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Time, metaphysics of

DOI
10.4324/9780415249126-N123-1
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DOI: 10.4324/9780415249126-N123-1
Version: v1,  Published online: 1998
Retrieved July 24, 2024, from https://www.rep.routledge.com/articles/thematic/time-metaphysics-of/v-1

1. The A-theory and the B-theory

The debate between these theories emerged out of attempts to do justice to some of our deeply-held intuitions about the nature of time. One such intuition is that the future is unreal. What must time be like to accommodate that intuition? Another consideration is that concerning the relationship between our temporal representations and the temporal reality they represent. Much of our ordinary language is tensed. That is, it appears to refer to events that are located in the past, present or future. Does this have any significance for whether events really are located in the past, present or future?

Both theories recognise that, at the level of ordinary thought and talk, there are two different ways in which we conceptualise the ordering and location of events and moments in time. They disagree over their metaphysical significance. Consider, for a moment, the entire temporal history of the universe. It consists of a series of events, stretching from the Big Bang, past the formation of the planets in our solar system, the evolution of life, events in the 20th century, events that are going on now, and on into the unknown future.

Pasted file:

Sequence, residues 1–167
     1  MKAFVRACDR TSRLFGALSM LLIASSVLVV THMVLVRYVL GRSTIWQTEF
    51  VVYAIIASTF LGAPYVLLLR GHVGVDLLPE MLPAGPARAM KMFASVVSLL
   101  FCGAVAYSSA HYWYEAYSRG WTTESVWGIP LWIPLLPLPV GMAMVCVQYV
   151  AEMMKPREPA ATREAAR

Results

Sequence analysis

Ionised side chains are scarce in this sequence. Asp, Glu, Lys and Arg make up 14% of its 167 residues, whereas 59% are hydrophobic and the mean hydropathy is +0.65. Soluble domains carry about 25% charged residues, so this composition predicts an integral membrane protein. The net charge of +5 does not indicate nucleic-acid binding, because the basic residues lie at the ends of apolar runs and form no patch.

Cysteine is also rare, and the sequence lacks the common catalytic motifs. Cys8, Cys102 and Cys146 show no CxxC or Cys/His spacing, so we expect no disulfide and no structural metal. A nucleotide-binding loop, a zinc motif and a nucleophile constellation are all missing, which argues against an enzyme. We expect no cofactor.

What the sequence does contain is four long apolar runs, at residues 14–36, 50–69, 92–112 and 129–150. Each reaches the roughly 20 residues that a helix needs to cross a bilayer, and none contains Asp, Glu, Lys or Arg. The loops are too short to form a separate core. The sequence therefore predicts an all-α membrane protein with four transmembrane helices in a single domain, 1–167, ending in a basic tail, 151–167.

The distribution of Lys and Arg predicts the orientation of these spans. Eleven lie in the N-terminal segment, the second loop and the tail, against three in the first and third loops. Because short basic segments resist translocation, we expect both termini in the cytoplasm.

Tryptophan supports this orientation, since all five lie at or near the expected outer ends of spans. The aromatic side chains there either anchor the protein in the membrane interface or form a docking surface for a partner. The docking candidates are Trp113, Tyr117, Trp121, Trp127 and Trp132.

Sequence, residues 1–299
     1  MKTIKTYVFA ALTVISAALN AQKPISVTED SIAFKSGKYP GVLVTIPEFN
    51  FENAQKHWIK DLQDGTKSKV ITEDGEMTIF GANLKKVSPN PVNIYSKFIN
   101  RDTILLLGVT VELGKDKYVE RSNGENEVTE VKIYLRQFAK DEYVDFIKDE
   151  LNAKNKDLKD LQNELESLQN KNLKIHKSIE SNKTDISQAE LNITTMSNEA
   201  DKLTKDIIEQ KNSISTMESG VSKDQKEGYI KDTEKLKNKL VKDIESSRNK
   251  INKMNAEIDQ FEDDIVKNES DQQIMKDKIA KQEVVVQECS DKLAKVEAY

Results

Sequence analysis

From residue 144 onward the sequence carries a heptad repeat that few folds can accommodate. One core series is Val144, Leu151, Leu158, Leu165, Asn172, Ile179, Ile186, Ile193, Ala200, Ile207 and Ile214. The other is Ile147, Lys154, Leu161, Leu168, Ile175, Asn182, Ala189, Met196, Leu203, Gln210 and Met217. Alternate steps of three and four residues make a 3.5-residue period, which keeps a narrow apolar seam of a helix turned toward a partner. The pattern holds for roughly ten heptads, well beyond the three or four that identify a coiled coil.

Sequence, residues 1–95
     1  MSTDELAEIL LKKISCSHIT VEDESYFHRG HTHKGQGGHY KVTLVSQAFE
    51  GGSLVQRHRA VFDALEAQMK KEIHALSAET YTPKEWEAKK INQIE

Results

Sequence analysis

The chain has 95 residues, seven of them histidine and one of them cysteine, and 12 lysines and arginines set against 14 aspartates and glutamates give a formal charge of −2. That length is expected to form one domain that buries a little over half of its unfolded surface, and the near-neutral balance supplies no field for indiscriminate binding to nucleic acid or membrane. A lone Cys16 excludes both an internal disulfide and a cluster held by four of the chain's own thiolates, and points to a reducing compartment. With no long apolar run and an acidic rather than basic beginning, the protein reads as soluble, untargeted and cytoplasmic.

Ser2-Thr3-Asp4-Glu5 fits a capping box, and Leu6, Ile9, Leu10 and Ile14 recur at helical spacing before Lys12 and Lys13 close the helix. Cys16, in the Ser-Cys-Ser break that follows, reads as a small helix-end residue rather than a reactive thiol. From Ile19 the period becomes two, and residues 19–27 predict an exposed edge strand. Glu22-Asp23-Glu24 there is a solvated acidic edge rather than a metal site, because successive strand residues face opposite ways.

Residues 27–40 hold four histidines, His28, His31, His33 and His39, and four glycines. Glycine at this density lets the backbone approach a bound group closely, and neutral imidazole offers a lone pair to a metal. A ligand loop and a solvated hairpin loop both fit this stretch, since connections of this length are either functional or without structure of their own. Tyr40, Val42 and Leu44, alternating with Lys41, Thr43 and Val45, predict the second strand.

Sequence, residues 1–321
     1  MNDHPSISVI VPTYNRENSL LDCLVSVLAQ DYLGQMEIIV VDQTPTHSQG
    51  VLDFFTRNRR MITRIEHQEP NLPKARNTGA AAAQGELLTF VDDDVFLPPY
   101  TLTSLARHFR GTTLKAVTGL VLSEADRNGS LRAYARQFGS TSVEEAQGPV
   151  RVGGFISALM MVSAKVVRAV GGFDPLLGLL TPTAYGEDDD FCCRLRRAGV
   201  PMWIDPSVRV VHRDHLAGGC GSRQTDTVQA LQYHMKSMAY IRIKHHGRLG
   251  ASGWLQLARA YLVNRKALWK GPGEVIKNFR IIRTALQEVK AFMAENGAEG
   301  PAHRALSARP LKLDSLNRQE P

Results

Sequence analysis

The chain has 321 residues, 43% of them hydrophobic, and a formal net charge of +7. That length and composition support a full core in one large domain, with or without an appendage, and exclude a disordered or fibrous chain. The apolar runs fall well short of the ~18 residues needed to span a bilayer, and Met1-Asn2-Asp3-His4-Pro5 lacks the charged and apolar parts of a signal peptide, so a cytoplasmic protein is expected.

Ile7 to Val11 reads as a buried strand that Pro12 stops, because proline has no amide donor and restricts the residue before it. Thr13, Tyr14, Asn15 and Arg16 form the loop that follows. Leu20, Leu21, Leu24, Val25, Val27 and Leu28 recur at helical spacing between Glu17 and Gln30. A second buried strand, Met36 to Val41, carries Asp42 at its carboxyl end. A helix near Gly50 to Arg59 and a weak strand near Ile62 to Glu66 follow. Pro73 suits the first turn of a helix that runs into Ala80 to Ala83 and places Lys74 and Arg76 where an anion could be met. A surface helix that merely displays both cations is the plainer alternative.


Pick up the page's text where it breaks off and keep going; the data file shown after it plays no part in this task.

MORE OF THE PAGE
One way of thinking about this series involves the recognition that each event is located in either the past, present or future, and that they can be ordered according to whether they are in the distant past, near past, present, near future, or distant future. The series of events conceived in this way is called the A-series, a usage derived from McTaggart (1927).

The other way involves the recognition that each event in this series is temporally related to every other event, in that it is either earlier than, simultaneous with, or later than it. Both the temporal locations of events relative to each other, and their temporal ordering, can be given in terms of these temporal relations, without any need to employ the concepts of pastness, presentness and futurity. The series of events conceived in this way is called the B-series.

The A-theory of time is so-called because, according to it, A-series concepts are essential for an adequate characterisation of time. While it recognises that events stand in temporal relations to each other, and so constitute a B-series, it holds that this is insufficient to characterise the true nature of time. The A-theory is also called the tensed theory. In the context of the metaphysics of time, the term ‘tense’ refers not to the familiar linguistic phenomenon, but to the A-series location of an event. A tensed attribute, such as ‘three hours ago’, ‘fifty years hence’, or ‘today’, when ascribed to an event, assigns it a position in the A-series. According to the A-theory these concepts are essential for an adequate description of temporal reality. The metaphysical nature of time is such that there are tensed facts: facts about the pastness, presentness or futurity of events (see Continuants §2). The A-theory is also described as a dynamic theory of time because, once a real distinction between past, present and future is recognised, it must also be recognised that events continually change with respect to their pastness, presentness or futurity.